Gritty, violent, friendship, classic American entrepreneurship love, death, heartbreak and the real dirt about surviving in a completely corrupt major city under the Chicago Machine. More history and about one man’s life than a person may imagine.

Please visit my new website: https://www.dontgoquietlypress.com
If a person doesn’t want to use PayPaI, I also have a PO Box & I ship anywhere in America.

Send me a money order with your return and contact info.
I will get your books to you within ten days.
Here’s complete information on how to buy my books:

Vol 1: A Savage Heart and Vol. 2: Fighting Words
My books weigh almost 2 pounds each, with about 525 pages each and there are a total together of 79 stories and story/poems.

Robert M. Katzman
Don’t Go Quietly Press
PO Box 44287
Racine, Wis. 53404-9998                                                                                                                    (262)752-3333, 8AM–7PM

Books cost $29.95 each, plus shipping

For: (1)$3.95; (2)$5.95; (3)$7.95; (4)$8.95 (5)$9.95;(6) $10.95

(7) $11.95; (8) $12.95; (9)$13.95 (10)$15.95 (15)$19.95

Shipping by air to most of Europe, due to the weight of my books is $99.00

I am also for hire if anyone wants me to read my work and answer questions in the Chicago/Milwaukee area. Schools should call me for quantity discounts for 30 or more books. Also: businesses, bookstores, private organizations or churches and so on.

5 Comments »

Comment by brad dechter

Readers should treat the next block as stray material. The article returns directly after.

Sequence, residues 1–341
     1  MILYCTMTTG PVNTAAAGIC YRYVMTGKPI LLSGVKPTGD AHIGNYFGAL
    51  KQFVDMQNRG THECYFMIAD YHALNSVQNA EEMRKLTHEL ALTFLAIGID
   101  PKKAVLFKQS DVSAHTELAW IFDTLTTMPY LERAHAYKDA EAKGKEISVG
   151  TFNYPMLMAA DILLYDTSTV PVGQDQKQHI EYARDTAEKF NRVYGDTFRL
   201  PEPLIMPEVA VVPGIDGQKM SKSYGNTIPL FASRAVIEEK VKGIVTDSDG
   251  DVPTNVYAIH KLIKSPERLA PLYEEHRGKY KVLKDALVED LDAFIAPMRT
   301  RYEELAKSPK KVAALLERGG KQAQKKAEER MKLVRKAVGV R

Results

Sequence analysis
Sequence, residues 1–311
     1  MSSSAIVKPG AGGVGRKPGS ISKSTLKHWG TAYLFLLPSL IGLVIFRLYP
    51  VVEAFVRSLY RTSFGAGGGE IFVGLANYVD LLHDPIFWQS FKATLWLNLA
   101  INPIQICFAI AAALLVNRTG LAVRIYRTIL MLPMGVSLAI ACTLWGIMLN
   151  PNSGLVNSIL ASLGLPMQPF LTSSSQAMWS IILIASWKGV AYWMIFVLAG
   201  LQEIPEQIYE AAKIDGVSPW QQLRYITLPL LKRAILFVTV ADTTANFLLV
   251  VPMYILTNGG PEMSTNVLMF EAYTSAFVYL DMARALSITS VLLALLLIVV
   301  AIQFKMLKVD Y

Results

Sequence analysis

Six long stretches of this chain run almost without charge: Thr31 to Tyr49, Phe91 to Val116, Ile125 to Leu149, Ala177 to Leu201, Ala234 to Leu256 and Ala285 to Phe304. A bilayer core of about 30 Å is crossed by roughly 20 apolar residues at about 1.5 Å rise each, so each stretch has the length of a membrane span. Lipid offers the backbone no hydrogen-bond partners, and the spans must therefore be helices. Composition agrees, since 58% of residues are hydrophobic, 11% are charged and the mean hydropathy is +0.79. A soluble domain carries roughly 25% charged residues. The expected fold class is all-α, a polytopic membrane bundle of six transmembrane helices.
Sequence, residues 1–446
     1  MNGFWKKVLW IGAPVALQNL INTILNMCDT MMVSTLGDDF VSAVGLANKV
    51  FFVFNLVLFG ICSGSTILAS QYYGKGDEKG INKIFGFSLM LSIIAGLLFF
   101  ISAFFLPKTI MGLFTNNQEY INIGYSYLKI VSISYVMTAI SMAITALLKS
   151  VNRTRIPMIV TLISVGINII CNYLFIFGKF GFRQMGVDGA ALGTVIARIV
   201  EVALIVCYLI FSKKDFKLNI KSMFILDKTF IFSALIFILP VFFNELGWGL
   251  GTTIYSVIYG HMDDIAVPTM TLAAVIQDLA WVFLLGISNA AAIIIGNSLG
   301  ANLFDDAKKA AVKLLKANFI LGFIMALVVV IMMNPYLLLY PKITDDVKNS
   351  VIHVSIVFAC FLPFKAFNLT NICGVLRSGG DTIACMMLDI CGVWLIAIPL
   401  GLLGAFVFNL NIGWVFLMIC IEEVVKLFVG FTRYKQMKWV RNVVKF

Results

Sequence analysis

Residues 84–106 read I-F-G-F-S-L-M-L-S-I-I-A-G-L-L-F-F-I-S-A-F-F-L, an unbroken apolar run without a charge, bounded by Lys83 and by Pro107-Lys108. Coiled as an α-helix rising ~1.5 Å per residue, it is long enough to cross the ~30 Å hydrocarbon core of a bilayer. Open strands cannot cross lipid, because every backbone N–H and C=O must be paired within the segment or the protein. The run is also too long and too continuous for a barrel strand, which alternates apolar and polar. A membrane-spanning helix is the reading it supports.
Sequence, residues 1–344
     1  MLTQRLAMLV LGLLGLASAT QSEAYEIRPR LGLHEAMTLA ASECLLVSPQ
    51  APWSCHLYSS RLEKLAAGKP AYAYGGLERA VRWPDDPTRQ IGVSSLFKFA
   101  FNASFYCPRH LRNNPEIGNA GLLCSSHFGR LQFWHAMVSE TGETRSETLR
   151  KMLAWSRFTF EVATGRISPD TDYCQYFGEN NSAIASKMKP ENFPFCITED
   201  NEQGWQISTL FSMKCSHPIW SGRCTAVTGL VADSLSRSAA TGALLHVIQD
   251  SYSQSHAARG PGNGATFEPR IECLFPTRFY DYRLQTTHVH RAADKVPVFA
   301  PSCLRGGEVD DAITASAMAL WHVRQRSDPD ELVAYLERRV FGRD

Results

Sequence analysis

March 24, 2021 @ 8:12 am

To respond: You are alive and healthy and happy in Racine! And let’s keep hope that it stays that way for a while!
At this point in our life’s journey, it’s time to be hopeful and have faith that our remaining years are/will be good! If you choose to think about the past, sure you can be nostalgic, but look at it to learn for the future.
The prayer says “ashes to ashes, dust to dust”. Your writings leave us with more- for all posterity.
Nice work of art and history Bob!
Thanks!

Comment by Bob

March 24, 2021 @ 9:21 am

Don’t know where the time and globe traveling images and ideas came from, but they came in a rush, like a dream and I had to attempt to write as much as possible of them down before the Chicago Rocket ship of Random Thoughts left the station, taking its cargo of imagination with it.

Comment by Jim Payne

March 24, 2021 @ 11:11 am

From those distant recesses of our past come haunting revisits echoing the parts of the present that are still vacant that reflect what we haven’t become. Like then we now still want to do more, be more, try again. Our vision so exceeds our grasp. You tell it in your story. I love your word imagery that captured the spikes of downtown skyscrapers. This is a story I’m saving to read again.

Comment by Donald Larson

March 24, 2021 @ 11:50 am

Bob,

You remain ever-present no matter the location.

Don

Comment by Jean Rudy

March 26, 2021 @ 9:15 am

My original home was also on Bennett, 84th! Neighbor! Moved to 90th and Dante in 1956, went to St Ailbes when we moved, wen to Caldwell before that. Wud take the Stony
Island bus to High school at U-High.I agree with so much you have to say.Guess us old folks like the youth we experienced in the Old Chicago, Marshall Fields at Christmas! Remember when there were some of the WW2 airplanes at CVS! not worrying about being out at night, told to be home when the street lights came on1 Those were the days!